The Lydster: Academic Achievement

kidsheaderThe Daughter just graduated from sixth grade. It was really nice having her attend at a building that was literally a stone’s throw or two from our house for a half dozen years.

This fall, she will be taking the bus, as she moves on to middle school, what they used to call junior high when I was of age.

In June, there were a lot of awards given. She was recognized by the school board for being first in First in Math in the state of New York, the only person in the Empire State to be in the Top 100 in the country. She gave the board two terse sentences of explanation.

Her school gave out a set of achievement recognition. There were LOTS of these – I’m guessing a couple reams of paper worth – and I could see from a distance that she was disappointed that she got only three awards, two for honor role, and one for music, while some of her classmates were collecting quantities in double digits. She thought she might get one for citizenship, as the only active student in the PTA, e.g. She didn’t even get the award for math, which we both had expected.

Finally, there was graduation. There were awards from the state comptroller, the attorney general and other luminaries. A couple kids, including her best school friend, received The President’s Award for Educational Excellence, which “recognizes a student’s academic success in the classroom.”
presidential-award-for-educational-achievement
Then The Daughter and another student received The President’s Award for Educational Achievement, which “recognizes students who show outstanding educational growth, improvement, commitment to or intellectual development in their academic subjects.”

It goes on to say in the description on the website: “This Achievement award should not be compared to the President’s Award for Educational Excellence or be seen as a second tier award; it recognizes a very different type of academic achievement. It is meant to encourage and reward students who work hard and give their best effort in school, often in the face of special obstacles to learning.”

I do not know what “special obstacles” the award is referring to, but no matter. The Daughter is thrilled by the award, “signed” by President Obama, which totally eliminated the disappointment of four days earlier.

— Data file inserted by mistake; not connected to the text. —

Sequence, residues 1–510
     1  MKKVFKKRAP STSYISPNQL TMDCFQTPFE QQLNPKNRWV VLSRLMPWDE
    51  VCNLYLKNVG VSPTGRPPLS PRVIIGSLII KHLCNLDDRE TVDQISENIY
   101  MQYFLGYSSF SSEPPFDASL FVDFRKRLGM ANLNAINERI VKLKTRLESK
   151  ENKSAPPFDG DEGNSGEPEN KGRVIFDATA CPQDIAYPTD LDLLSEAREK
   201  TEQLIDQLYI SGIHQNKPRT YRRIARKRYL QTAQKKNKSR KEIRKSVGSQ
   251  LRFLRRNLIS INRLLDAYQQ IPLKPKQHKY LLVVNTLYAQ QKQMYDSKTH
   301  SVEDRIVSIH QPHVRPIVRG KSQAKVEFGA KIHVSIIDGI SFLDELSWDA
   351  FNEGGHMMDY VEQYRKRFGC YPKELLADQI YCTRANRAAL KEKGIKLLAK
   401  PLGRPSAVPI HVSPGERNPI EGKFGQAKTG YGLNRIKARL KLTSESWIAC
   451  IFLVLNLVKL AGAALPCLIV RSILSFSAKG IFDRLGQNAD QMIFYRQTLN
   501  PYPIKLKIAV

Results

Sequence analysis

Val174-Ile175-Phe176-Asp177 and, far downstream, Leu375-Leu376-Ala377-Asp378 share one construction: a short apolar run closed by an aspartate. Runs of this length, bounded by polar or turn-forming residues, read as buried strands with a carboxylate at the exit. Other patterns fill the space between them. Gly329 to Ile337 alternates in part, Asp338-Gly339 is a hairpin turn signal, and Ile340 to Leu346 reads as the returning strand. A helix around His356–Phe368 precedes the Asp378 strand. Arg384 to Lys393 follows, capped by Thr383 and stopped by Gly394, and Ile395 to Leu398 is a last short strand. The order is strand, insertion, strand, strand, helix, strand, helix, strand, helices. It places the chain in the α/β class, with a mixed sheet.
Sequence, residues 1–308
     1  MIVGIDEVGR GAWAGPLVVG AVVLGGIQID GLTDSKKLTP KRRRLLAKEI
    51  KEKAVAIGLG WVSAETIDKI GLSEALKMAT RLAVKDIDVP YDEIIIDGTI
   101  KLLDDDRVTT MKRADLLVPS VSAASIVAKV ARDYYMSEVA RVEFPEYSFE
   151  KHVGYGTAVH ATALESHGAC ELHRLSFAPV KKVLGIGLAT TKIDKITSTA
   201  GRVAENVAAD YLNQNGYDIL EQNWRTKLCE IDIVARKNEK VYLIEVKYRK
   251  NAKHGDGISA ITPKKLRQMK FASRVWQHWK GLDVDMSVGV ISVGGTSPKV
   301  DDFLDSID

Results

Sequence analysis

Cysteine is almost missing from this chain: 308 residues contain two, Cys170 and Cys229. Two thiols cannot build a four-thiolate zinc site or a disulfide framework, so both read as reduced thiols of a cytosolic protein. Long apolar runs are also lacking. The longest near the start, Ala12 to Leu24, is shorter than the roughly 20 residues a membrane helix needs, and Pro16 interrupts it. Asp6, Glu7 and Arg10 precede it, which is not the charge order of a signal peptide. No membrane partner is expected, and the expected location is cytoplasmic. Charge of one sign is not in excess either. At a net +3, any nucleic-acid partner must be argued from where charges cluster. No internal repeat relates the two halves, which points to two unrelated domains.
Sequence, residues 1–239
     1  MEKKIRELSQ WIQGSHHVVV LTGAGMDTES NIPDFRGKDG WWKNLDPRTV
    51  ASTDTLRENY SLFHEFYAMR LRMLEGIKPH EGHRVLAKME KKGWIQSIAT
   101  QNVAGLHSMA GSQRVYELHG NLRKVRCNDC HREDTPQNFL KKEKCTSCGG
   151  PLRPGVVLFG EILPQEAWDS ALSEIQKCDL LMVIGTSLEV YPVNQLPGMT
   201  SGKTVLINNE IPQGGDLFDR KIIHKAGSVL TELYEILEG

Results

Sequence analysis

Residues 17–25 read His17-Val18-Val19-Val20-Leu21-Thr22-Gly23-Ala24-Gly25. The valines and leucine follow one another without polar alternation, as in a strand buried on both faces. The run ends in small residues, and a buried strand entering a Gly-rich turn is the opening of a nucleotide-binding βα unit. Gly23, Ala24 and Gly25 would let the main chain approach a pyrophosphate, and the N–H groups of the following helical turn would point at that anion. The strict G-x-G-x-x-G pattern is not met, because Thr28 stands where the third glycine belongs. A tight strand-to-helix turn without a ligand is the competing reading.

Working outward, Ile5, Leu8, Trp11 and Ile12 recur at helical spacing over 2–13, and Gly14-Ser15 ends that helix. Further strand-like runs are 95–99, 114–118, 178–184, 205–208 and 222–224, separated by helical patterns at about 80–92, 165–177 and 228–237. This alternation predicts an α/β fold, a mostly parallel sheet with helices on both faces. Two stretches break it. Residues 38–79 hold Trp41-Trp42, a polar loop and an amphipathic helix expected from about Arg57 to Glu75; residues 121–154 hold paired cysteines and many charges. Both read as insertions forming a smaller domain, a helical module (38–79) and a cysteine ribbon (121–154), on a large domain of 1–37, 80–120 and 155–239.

I should note she got a paper certificate, rather than the pin.

From Where the Lion Roars: The Hunt for an American Education in Binghamton

Dr. Kitonyi’s grandmother took him to a school run by missionaries at the age of 9 and it was then that he began to view education as key to his future.

kitonyiA library friend of mine asked if I were familiar with a book called From Where the Lion Roars: the hunt for an American education in Binghamton by Peter N. Kitonyi. It is in the Local History room of the Albany Public Library. From the book information, Kitonyi attended Binghamton North High School, the “other” public high school besides Central in my hometown, back in the 1960s.

I was not familiar with the surname or the book. But I posted the information on a couple Binghamton-based Facebook pages, and while no one remembered him, one person found an article in the Ithaca Journal, Continue reading “From Where the Lion Roars: The Hunt for an American Education in Binghamton”

The Lydster, Part 134: Opting out

Neither my wife or I want to have our daughter become a tool to our own sense of activism, ESPECIALLY when it affects her directly.

opt-out5There has been a great deal of controversy in the state of New York about the school tests tied to something called Common Core. It is more complicated than I wish to get into here, but I wrote about it a bit in my Times Union blog.

There was a statewide movement to get students in grades 3 to 8 to opt out of the test, which was somewhat successful in many districts, including in my area.

The movement has been around a couple years, but I had not paid a great deal of attention. Continue reading “The Lydster, Part 134: Opting out”

October Rambling: Enough with Dystopia; the Conservati​ve-to-Engl​ish Lexicon

from KUBE 93 Seattle Facebook page
from KUBE 93 Seattle Facebook page

My favorite website these days is The Weekly Sift. Sam Harris and the Orientalization of Islam and 7 Liberal Lessons of Ebola.

Sexual Assault in the Bakken Shale “Man Camps”.

Last Week Tonight with John Oliver: Civil Forfeiture. “Oliver references a September report from The Washington Post, which states that, since 9/11, police have seized $2.5 billion in 61,998 cash seizures from people ‘who were not charged with a crime.’ ‘Under civil forfeiture laws, your property is guilty until you prove it innocent.'” Continue reading “October Rambling: Enough with Dystopia; the Conservati​ve-to-Engl​ish Lexicon”

Correcting v. convincing

I jumped all over the presentation, calling it sham science, and pointing out the many ways in which it was confusing or obscuring the truth. Expecting to be met with nodding approval, I instead faced several annoyed looks and the strong feeling that I was being wished out of the room.

Arthur@AmeriNZ noted his seventh Twitterversary this spring, which he Tweeted then posted it to Facebook and Google+. How terribly meta.

Then Facebook went and spoiled it all when someone said something stupid.

It was no one I knew—a friend of a friend—but it was such utter delusional nonsense that my jaw literally (yes, literally) dropped (remaining literally attached to my head, fortunately). It doesn’t matter who said what to whom about what; suffice it to say, the person’’s comment was factually wrong, silly, and… delusional.

It was an outrage! Errors needed to be corrected, truth and facts needed to be asserted! So, I did — nothing.

Time was, I would have jumped in to fight for truth and facts, but not today. Continue reading “Correcting v. convincing”